The dopamine-receptor stimulating activity of the compounds of formula I or a therapeutically acceptable acid addition salt thereof is demonstrated in standard pharmacological tests, for example, the antagonism of reserpine-induced catalepsy in mice described by A. M. Johnson et al., Br. J. Pharmac., 56, 59 (1976). In this test method, mice in groups of 10 were injected i.p. with reserpine, 5 mg/kg, 17 hr before the s.c. administration of the test compound. Catalepsy was assessed prior to drug administration and at 30 min, 1 and 2 hr after the test compound, and 1, 2, 3.5 and 5 hr after bromocriptine. Catalepsy was tested as follows: the mice were individually placed on a rubber stopper, 5 cm in diameter and 21/2 cm high and observed for 3 min. Mice that remained on the corks during this period were considered to be cataleptic. The results are expressed as (a) dose-response curves, the values representing the percent antagonism of catalepsy during peak activity and (b) as ED50 's vs time. Linearity and parallelism of the dose-response relationships were established by analysis of variance. In this test, the following compound of formula I was demonstrated to be an effective dopamine agonist, 6,7,8,9-tetrahydro-N,N-dipropyl-1H-benz[g]indol-8-amine exhibited a peak ED50 of 1.90.6 milligram per kilogram of body weight upon s.c. administration in the prevention of reserpine-induced catalepsy.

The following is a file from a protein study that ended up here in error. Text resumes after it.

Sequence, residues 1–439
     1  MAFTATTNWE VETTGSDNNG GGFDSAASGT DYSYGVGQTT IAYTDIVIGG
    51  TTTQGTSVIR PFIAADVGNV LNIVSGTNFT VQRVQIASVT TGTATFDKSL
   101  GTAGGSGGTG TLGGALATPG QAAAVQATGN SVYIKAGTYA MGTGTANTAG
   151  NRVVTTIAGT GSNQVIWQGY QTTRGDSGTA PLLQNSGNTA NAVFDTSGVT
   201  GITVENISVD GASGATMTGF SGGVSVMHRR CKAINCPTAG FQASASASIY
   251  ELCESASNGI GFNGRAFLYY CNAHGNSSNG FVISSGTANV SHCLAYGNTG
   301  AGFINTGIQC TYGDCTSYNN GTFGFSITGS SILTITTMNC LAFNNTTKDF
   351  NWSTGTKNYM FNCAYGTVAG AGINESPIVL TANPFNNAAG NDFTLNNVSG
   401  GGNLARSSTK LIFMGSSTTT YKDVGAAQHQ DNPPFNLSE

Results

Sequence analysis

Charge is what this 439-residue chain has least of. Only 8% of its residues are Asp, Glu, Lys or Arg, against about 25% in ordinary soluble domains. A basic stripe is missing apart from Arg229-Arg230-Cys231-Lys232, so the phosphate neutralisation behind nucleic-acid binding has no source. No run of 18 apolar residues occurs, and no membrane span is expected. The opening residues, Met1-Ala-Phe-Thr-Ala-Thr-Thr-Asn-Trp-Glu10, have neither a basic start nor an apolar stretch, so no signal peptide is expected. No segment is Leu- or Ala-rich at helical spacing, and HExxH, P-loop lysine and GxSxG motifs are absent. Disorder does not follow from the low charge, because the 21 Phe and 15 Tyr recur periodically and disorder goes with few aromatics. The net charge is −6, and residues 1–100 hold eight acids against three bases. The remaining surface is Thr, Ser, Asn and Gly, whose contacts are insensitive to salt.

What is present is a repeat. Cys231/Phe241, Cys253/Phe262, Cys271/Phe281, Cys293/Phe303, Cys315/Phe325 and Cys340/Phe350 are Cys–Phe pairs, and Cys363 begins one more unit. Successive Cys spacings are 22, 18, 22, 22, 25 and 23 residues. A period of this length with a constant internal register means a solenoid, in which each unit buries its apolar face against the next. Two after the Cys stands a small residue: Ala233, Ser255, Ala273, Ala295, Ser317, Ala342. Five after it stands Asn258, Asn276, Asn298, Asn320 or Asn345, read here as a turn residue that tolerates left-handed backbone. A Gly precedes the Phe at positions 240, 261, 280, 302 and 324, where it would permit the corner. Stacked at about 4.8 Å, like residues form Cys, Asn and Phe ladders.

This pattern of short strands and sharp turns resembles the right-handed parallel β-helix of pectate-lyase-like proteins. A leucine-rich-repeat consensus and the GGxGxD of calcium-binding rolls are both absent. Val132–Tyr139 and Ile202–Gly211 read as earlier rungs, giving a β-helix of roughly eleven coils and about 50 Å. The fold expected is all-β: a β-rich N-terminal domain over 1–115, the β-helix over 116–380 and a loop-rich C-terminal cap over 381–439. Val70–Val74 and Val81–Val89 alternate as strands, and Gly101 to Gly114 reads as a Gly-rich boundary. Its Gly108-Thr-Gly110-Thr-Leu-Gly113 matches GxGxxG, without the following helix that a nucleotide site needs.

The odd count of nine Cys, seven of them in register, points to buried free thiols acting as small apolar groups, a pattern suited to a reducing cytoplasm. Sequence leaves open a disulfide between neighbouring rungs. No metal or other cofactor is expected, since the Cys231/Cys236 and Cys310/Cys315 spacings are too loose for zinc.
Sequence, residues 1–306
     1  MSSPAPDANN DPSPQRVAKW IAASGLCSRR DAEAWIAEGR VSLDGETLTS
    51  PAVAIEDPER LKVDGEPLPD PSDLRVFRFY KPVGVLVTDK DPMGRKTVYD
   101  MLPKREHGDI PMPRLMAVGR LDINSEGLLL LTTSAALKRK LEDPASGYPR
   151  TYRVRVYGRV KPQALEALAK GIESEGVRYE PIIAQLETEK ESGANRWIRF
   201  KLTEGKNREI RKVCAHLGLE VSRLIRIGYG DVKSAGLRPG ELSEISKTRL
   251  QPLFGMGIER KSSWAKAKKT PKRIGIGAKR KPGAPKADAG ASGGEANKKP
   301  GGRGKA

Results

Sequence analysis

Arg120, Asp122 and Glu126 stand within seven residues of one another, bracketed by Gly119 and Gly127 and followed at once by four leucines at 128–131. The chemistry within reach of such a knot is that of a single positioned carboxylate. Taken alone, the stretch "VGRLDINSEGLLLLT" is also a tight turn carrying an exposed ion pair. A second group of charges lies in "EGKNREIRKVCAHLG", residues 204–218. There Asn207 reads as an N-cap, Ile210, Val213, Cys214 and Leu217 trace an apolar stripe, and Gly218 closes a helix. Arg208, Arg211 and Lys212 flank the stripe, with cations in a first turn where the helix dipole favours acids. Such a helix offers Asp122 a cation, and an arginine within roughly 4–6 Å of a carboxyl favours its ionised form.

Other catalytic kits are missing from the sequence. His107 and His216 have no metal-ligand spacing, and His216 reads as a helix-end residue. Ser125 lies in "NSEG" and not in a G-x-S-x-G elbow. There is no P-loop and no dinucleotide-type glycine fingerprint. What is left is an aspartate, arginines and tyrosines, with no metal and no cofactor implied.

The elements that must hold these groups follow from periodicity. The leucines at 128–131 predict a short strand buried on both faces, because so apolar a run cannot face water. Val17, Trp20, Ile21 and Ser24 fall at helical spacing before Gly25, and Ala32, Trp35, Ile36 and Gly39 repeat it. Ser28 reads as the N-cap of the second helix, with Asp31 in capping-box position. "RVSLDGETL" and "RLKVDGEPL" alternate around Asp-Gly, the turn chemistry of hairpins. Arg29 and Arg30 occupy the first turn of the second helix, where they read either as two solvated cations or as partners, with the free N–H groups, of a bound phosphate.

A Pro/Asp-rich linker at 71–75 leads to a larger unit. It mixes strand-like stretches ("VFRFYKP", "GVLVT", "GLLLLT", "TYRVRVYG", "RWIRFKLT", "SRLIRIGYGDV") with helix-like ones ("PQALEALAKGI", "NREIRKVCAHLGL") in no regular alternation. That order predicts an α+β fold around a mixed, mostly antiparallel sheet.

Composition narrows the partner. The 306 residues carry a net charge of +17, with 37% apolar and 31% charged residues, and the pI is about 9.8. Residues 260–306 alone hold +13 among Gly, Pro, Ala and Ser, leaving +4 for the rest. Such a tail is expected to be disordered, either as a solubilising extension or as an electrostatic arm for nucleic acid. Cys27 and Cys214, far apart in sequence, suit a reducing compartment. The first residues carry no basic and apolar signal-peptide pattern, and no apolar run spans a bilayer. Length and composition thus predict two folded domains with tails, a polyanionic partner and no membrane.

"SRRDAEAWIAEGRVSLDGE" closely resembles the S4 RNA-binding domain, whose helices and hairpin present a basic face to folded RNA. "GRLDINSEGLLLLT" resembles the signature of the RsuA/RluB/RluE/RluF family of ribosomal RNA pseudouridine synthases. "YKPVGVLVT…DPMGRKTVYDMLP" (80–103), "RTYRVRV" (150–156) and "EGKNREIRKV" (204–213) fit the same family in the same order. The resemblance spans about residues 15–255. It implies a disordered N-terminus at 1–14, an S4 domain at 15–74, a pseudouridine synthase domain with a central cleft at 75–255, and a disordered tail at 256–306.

The DA receptor agonists exert a variety of pharmacological effects, some of the most characteristic being the ones that occur in animals in which DA deficiency is brought about to mimic the Parkinsonian syndrome. An important model was developed by U. Ungerstedt, Acta. Physiol. Scand., Suppl. 367, 69-93 (1971) who, by means of unilateral injections of 6-hydroxydopamine (6-OHDA) into the DA pathway, could produce selective lesions of the ascending DA pathways on one side of the brain. Further refinement of this test is described by H. Corridi et al., J. Pharm. Pharmacol., 25, 409-412 (1973); C. J. Pycock and C. D. Marsden, Europ. J. Pharmacol., 47, 167 (1978); and K. Voith and J. R. Cummings, Can. J. Pharmacol., 54, 551 (1976).

Another useful test for dopamine receptor agonists is described by G. P. Smith and R. C. Young in "Advances in Neurology", Vol. 5, F. H. McDowell and A. Barbeau, Eds., Raven Press, New York, pp. 427-432 (1974). In this test, rats exhibit almost complete akinesia in an open field following the bilateral injection of 6-OHDA into the anterolateral hypothalamus. A dopamine receptor agonist can reverse this 6-OHDA-induced hypokinesia.

The above described test methods for dopamine receptor agonists show that the compounds of formula I are active as dopamine receptor agonists. The compounds, thus, can be used clinically in the treatment of hyperprolactinemia, galactorrhoea, amenorrhoea, impotence, diabetes, Parkinsonism, acromegaly, hypertension and other central nervous system disorders, which respond to dopamine-receptor stimulation.